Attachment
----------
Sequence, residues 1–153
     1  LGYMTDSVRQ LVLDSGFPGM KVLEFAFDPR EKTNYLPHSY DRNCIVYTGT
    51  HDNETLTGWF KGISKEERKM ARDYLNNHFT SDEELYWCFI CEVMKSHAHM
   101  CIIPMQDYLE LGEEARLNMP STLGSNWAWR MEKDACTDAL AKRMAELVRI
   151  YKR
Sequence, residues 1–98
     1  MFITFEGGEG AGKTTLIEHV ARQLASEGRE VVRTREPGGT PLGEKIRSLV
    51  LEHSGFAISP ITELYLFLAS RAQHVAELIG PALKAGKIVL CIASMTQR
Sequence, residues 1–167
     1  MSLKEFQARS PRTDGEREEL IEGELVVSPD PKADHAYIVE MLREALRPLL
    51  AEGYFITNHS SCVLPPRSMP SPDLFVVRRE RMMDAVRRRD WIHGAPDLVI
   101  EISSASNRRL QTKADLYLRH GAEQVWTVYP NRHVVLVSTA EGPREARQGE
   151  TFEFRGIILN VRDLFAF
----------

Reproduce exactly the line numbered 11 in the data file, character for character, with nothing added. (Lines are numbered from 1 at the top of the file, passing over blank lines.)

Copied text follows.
    51  AEGYFITNHS SCVLPPRSMP SPDLFVVRRE RMMDAVRRRD WIHGAPDLVI